In 2019, I joined the interdisciplinary team of AgroClim Huaraz and became a member of the Biometeorology working group at the Institute of Ecology as a PhD student. I am lucky to have the opportunity to both work in the field and in the office. Due to the variety of tasks in our project I am acquiring many new skills ranging from data analytics, improving my Spanish in communication with Peruvian locals, gaining some basic electronic skills, while maintaining measurement stations and many many more.
The climate in the semi-arid Peruvian Andes is very different from what we are used to here in the Alps. It is characterized by a strong seasonality in precipitation, the majority occurring between October and May. Many people who live in the mountains rely on rain-fed agriculture for their livelihoods and these farmers report increasing challenges for crop production due to climate change. There is a general lack in observation data (e.g. by automatic weather stations) in the region and to date the available meteorological data does not match the perception of the local farmers. Our goal in the project is to close this knowledge gap regarding both water demand and water availability to enable the development of effective adaptation strategies.
Particularly, I am identifying how various crops in rain-fed agriculture differ in terms of energy balance and especially water-use (i.e. evapotranspiration) along a precipitation transect ranging from the glaciated Coordillera Blanca (relatively high annual precipitation) to the unglaciated Coordillera Negra (relatively lower annual precipitation). To measure this, we set up an Eddy Covariance station on a potato field at the Coordillera Blanca in Sep. 2019, take regular biomass samples and use the EcoBot mobile measurement device to measure more crops and plots along the transect. Due to the current COVID-19 crisis we lost some data and our Peruvian partners could not continue the measurements we started last year. But I hope, we can continue our measurements in the near-future, of course depending on the development of the pandemic.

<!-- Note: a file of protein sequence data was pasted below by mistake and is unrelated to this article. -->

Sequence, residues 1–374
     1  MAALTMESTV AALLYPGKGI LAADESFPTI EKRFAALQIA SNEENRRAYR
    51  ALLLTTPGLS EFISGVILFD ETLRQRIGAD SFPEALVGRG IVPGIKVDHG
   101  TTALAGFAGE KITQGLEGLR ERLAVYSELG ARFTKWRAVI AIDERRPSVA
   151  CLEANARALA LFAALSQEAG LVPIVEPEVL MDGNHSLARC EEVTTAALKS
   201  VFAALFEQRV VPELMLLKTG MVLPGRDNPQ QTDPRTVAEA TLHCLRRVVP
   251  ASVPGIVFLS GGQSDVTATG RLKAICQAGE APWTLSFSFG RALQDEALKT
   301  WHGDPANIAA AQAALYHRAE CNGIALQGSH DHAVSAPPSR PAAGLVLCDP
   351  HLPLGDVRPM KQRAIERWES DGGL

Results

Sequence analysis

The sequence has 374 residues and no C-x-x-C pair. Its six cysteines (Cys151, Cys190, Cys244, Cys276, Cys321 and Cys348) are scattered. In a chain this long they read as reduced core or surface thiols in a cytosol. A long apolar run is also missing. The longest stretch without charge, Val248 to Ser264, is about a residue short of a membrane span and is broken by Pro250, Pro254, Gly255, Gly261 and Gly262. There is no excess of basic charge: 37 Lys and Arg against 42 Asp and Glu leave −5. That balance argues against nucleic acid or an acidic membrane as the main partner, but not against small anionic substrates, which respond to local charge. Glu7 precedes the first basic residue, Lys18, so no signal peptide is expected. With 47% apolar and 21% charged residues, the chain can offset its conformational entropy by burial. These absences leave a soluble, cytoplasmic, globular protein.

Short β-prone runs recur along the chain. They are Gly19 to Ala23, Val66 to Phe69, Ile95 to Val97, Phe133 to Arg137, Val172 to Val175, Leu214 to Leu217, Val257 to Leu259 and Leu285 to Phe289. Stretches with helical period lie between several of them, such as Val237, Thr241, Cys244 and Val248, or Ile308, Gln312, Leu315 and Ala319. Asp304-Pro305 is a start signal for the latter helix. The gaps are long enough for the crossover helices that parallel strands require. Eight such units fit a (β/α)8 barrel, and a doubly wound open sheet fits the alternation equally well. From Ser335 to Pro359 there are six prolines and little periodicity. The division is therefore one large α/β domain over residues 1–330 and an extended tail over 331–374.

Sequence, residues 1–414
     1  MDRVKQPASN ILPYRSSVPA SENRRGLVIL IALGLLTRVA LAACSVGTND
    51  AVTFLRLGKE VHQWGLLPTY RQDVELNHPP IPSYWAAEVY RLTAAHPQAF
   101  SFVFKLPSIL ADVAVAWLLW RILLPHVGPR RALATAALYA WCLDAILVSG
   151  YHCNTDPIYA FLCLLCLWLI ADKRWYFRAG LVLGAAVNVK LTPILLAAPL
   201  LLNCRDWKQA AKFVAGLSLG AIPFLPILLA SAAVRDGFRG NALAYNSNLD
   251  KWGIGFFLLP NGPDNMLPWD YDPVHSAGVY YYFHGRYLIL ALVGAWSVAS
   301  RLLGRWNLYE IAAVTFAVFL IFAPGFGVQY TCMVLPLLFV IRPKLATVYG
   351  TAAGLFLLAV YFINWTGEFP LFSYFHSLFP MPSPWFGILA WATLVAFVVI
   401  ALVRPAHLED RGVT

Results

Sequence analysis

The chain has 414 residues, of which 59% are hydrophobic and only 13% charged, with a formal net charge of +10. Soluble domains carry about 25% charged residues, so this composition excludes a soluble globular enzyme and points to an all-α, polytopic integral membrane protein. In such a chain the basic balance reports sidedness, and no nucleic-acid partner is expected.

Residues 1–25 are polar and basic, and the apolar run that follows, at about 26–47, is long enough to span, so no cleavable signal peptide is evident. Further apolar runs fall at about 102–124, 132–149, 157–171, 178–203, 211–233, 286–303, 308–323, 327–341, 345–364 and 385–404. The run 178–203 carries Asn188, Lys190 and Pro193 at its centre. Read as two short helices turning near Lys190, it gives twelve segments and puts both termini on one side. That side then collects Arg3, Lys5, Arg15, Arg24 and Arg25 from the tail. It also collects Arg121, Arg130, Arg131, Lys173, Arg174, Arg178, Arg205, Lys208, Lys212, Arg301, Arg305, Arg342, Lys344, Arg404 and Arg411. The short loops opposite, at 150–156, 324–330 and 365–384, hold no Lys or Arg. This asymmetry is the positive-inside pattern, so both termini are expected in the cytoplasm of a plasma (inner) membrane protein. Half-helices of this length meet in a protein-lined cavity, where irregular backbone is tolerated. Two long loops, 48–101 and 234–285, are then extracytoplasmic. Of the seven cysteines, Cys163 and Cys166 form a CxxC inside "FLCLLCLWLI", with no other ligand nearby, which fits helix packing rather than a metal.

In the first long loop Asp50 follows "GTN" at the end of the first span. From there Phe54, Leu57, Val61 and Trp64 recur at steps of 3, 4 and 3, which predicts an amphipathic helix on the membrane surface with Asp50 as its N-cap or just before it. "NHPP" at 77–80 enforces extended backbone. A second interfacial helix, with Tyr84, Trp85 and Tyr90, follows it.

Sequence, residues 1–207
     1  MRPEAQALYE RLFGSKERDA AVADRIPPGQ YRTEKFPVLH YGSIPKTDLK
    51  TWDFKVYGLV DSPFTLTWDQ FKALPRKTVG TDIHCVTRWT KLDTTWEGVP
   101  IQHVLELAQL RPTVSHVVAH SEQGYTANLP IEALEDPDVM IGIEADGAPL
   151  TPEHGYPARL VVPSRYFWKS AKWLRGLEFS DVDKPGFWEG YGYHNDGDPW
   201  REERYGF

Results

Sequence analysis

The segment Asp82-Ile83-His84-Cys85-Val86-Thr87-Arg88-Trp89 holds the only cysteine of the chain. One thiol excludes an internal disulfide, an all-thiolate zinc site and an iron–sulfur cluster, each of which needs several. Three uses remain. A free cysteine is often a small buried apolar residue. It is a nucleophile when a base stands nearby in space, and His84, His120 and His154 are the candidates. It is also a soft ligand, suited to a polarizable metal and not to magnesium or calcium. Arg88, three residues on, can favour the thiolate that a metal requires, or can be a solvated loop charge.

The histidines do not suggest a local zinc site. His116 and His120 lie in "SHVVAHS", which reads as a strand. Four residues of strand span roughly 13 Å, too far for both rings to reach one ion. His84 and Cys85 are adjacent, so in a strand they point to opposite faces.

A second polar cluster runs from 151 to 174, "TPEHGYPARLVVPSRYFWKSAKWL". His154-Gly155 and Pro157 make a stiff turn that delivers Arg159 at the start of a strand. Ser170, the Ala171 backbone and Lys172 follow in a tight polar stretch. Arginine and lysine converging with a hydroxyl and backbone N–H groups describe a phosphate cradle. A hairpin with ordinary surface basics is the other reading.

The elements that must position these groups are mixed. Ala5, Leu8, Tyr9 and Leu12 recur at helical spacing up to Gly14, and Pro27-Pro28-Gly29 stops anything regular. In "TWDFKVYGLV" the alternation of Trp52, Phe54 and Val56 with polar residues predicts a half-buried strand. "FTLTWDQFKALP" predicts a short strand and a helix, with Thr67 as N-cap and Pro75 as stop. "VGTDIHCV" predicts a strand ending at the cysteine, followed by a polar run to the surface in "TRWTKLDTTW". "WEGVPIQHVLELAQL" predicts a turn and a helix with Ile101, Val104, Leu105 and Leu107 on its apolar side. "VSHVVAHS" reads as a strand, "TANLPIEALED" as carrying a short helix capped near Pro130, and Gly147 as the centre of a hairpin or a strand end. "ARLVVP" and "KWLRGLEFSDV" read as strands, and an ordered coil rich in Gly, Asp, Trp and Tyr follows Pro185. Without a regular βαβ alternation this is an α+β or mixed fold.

Meanwhile, I am working with remote sensing data to understand phenological changes over time (since 2000) and how they correlate with reanalysis data of precipitation to understand whether amounts or the seasonality of precipitation have changed in the phenological cycle of agriculture.
In future, I aim to use our novel field data to calibrate a popular crop model (AquaCrop). First, it will be used on plot-scale and later on regional scale by integrating remote sensing data, iterative parameter estimations and high-resolution climate data on which my colleagues at the ACINN are currently working. With this model-ensemble we will be able to estimate the statistical likelihood of potential threats to successful agriculture. In this context I am also interested whether past (and likely future) changes in precipitation have affected (or are likely to affect) the yield of the crops in the study area. By extrapolating potential trends of threats into the near-future, an agro-climatic risk assessment of certain agricultural management practices will be an additional result.
I am very happy to have such an interesting job with many different tasks and learning opportunities. I hope, that my work can contribute to progress in the scientific community on the one hand and to climate change adaptation strategies on the other.
Reposted from the Insitute for Ecology website